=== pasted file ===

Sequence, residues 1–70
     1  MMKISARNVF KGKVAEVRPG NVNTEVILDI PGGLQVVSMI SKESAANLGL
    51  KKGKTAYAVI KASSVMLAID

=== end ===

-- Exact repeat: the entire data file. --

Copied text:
Sequence, residues 1–70
     1  MMKISARNVF KGKVAEVRPG NVNTEVILDI PGGLQVVSMI SKESAANLGL
    51  KKGKTAYAVI KASSVMLAID